Minimalism has gained a large following over the past few years, partly thanks to The Minimalists’ Joshua Fields Millburn and Ryan Nicodemus and their popular documentaries and podcast. While minimalism often brings up images of living in a sparse house with few possessions, the movement has grown to mean a lot more.
For me, minimalism started with a journey into decluttering and just owning less stuff. It has since grown into a goal of living a more intentional life and managing my finances better.
Living a meaningful life
Minimalism isn’t necessarily about having fewer things, but instead about only having the ‘right’ things. That means owning things that have a defined purpose and provide meaning to your life. When you embrace minimalism, you no longer buy things because you’re bored – each item you shop for has a purpose and a place in your life.
This has a direct beneficial impact on your finances. The less you shop, the more money you get to keep in your bank account.
Being more intentional with my spending
The shift in my financial thinking started during my decluttering process. I was shocked and disgusted at how many things I owned that had never been used or used once and then dumped in the back of a cupboard. As I was decluttering, I ended up donating, recycling or throwing away a lot of things.
This meant a lot of money wasted – money I could’ve saved, invested or even spent on bigger things I thought I couldn’t afford, like an overseas holiday.
This is where my journey into financial minimalism started.
Everything I now buy serves a purpose
I used to be one of those people who bought several little souvenirs and knick-knacks every time I travelled somewhere. None of those frivolous little purchases meant anything once I was back home. And to be honest, I often resented all the magnets or little trinkets cluttering my fridge or kitchen drawers.
I now bring back ‘souvenirs’ that have an actual purpose in my home. Last summer, I bought a curtain for my small kitchen window at a little flea market in Austria and brought back pizza spices from Italy.
Let’s be honest, you don’t need all that stuff
Like most people, I started my journey into minimalism by getting rid of stuff. This included clothes I had not worn in years and sports equipment bought under the misguided hope I would one day take up cross-country skiing.
Then there were the less obvious, harder to discard items I had paid good money for. A juicer I was using on average, twice a year. A few pieces of exercise equipment I bought before I realised I don’t have the discipline to exercise at home.
I managed to sell a lot of the bigger items when I started decluttering. Last year alone, I made over £2,000 selling unwanted items through apps like Vinted, Depop and Preloved. I saved thousands more by not buying unnecessary stuff anymore.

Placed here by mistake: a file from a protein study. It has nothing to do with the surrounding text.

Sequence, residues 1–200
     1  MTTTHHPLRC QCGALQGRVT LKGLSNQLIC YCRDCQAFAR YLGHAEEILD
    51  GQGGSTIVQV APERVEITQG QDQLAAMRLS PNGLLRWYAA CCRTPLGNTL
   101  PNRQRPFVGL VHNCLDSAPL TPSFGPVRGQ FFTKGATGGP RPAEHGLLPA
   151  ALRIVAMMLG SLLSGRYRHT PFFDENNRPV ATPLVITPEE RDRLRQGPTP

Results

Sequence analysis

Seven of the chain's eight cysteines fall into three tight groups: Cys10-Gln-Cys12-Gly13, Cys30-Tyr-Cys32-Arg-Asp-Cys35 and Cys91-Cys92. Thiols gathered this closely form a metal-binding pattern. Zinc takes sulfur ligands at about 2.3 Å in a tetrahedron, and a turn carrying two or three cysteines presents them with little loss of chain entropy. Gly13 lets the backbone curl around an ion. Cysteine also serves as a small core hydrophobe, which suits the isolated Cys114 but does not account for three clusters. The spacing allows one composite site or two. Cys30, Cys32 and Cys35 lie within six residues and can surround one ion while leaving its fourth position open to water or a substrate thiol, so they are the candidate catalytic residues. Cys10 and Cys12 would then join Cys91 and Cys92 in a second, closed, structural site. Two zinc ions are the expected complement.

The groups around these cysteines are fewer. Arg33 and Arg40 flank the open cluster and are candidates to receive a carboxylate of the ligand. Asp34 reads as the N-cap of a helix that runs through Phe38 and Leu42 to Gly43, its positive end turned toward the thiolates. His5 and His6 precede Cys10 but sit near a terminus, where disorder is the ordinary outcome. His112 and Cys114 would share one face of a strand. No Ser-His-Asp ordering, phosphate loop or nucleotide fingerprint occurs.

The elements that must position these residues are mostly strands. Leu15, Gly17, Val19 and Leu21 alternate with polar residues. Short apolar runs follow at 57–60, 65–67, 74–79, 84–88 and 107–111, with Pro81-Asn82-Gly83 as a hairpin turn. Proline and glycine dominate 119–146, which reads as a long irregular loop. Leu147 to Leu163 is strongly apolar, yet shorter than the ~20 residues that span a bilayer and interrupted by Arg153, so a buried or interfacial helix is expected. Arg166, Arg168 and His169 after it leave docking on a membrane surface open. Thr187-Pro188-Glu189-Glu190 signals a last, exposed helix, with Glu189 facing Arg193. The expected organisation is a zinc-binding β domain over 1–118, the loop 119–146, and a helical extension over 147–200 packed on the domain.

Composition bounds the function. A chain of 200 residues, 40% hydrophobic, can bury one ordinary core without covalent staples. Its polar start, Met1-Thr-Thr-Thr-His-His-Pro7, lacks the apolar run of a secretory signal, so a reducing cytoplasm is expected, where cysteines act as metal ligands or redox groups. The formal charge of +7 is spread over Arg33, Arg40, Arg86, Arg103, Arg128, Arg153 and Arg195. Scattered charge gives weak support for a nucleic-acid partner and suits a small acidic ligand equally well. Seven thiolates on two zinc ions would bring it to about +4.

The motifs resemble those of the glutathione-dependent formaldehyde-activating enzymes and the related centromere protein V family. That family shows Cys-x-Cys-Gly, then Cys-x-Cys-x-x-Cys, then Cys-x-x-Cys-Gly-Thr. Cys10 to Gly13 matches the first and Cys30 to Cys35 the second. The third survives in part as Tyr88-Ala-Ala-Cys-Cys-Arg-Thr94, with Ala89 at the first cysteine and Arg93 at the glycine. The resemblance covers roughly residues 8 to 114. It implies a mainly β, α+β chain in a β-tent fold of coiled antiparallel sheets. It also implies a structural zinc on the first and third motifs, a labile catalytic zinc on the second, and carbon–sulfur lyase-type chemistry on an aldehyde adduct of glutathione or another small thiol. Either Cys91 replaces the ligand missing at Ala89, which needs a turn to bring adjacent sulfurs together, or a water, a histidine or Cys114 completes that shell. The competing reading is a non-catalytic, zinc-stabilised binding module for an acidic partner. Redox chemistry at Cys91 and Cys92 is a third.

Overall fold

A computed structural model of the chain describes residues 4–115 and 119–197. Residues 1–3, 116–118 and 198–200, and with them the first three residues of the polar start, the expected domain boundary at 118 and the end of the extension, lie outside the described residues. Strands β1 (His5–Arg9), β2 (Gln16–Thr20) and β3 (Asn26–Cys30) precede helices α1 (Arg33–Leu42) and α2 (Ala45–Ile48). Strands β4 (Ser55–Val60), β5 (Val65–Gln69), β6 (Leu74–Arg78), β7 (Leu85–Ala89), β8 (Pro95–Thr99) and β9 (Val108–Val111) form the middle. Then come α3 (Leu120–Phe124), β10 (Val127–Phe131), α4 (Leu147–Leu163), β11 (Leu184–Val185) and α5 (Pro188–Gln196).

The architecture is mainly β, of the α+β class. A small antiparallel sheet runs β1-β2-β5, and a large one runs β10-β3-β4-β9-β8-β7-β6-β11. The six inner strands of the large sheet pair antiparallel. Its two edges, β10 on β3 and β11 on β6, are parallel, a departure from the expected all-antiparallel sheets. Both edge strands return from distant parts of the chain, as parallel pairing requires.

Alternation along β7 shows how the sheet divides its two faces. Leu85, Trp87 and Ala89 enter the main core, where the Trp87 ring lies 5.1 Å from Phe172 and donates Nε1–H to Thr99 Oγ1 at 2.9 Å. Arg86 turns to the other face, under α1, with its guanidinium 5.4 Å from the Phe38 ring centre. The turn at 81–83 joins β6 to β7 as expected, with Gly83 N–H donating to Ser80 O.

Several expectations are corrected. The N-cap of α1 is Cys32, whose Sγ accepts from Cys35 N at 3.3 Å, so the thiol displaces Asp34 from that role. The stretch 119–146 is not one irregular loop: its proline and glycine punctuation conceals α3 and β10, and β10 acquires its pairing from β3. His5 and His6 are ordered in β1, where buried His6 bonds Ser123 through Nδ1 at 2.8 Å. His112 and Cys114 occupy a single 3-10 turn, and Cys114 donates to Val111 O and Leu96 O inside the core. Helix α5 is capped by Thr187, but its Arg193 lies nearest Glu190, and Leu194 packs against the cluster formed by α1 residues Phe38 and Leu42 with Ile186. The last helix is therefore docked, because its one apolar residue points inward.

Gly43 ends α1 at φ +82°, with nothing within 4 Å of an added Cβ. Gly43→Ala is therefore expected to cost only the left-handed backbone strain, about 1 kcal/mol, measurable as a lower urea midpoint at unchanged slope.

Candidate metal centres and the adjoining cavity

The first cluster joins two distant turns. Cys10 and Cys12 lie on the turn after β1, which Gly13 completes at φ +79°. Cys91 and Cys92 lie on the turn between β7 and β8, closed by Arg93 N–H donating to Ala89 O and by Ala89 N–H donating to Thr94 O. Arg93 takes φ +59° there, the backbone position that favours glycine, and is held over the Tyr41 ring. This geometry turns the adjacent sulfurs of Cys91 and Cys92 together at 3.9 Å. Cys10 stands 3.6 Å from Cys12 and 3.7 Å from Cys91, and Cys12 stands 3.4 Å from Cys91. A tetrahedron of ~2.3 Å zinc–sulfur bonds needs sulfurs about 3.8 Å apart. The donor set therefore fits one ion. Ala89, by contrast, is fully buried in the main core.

It’s easier to budget if you have fewer expenses
Part of my decluttering journey included my digital life too. Back in 2020, I used to subscribe to five streaming apps –some of which were ‘accidental subscriptions’ because I forgot to cancel the free trials. I don’t have time to watch that much TV and I don’t even want to. I now only subscribe to Netflix.
The lockdowns also resulted in closures of many of the services I used on a regular basis, including my gym, cinemas and my favourite restaurants. This saved me money in additional ways. I spent less on petrol to drive to places, I didn’t renew my gym membership for one full year (I took the dogs hiking a lot instead) and I cancelled loyalty cards that had an annual service fee.
I also downsized on unexpected things, like bank accounts. Now, I have a single current account and a single savings account (with the same bank). This makes it easier to comply with the account requirements to keep everything free and it’s a lot easier to keep track of my expenses and maintain a budget.
I stopped rewarding myself all the time
We all need a little pick me up sometimes, but that doesn’t mean having to constantly indulge in purchasing things. Minimalism is about maximising the value of what you own, not buying yourself something new every time you feel sad or stressed.
I saved a lot of money this year by not buying things that didn’t make sense in my current life. This included beautiful high-heeled boots that actually hurt my feet and a sophisticated watch that was never going to replace the Fitbit I’ve got used to wearing all the time anyway.
The best thing about starting this journey? Not only do I have more money, but also a lot less stress.
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